We’ve included customer success stories to illustrate how product lifecycle management (PLM), enterprise asset management (EAM), and enterprise resource planning (ERP) solutions have helped companies like yours deal with their environmental concerns. For your convenience, there is also a vendor directory to assist companies that are looking for a “sustainability enabling” solution.

We hope this report will provide you with enough insight about the current state of the market—with respect to both lean and green—to help you start making a few decisions about how your company can make a change for the better. We think you’ll find this guide a useful tool for determining which type of solution is best suited to your company’s business model and particular needs.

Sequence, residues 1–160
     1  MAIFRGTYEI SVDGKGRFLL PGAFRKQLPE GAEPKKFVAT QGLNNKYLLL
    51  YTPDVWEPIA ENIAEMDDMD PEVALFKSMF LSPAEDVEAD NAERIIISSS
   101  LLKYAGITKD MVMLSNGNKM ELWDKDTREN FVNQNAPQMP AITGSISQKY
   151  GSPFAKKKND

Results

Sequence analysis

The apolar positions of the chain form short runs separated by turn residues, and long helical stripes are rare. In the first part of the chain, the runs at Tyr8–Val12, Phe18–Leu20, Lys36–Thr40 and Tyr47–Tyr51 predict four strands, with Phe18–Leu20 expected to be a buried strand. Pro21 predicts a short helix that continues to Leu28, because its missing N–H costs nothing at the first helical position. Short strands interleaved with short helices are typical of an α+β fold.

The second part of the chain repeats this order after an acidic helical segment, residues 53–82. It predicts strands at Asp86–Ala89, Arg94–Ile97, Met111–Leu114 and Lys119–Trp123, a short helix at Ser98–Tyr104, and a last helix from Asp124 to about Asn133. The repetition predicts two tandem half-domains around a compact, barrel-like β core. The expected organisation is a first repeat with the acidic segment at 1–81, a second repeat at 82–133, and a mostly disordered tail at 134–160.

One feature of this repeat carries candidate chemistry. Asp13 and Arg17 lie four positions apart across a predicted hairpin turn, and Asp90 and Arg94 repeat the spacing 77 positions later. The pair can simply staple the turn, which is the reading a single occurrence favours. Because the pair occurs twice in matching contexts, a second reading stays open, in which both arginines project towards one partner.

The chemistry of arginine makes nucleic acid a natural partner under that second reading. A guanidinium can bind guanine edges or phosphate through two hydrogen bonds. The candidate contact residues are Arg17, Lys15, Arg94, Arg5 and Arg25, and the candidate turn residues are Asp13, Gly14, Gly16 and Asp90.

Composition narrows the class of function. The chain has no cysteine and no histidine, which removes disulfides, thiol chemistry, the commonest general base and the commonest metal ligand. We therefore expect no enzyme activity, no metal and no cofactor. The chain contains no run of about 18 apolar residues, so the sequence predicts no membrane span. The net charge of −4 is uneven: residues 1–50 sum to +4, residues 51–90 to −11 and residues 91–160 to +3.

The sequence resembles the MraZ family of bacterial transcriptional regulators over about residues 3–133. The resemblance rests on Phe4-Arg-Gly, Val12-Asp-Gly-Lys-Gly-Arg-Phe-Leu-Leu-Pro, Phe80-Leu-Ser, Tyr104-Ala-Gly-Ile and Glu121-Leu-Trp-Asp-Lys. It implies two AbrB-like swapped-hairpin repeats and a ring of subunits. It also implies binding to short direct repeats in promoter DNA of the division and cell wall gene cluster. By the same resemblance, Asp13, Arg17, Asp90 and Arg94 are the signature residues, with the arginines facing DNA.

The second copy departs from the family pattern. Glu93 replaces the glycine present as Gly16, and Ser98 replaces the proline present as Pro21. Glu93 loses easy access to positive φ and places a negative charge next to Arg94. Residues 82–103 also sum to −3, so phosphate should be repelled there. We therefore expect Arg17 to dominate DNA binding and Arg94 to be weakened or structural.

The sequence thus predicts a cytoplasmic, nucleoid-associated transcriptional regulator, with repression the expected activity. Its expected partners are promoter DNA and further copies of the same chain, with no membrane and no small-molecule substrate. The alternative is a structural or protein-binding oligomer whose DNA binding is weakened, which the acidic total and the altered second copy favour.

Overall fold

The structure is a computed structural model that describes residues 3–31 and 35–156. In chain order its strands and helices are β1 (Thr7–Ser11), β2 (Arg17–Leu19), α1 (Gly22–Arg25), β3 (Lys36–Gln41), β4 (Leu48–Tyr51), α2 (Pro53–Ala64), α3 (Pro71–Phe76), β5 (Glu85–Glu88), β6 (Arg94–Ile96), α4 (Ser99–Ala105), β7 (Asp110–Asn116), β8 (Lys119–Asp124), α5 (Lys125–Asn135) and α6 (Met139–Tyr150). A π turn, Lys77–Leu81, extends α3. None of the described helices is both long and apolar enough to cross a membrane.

Table of Contents


Executive Overview
Lean, Green, and Everything in Between

Thought Leadership
Corporate Social Responsibility: Using Technology to Become More Lean and Green

Case Study
Mitsubishi Heavy Industries Increases Scheduling Efficiency with Asprova

Case Study
Lean in Action: Manufacturer Cuts Lead Time from Four Weeks to Four Days

Case Study
InkCycle Makes Green Ink, While Staying in the Black

Case Study
A Pragmatic Approach to Gaining Business Efficiencies

Case Studies at a Glance
TEC Analyst Perspective



Download the full copy of the TEC 2009 Lean and Green Buyer’s Guide for manufacturers.



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State of the Market: Lean and Green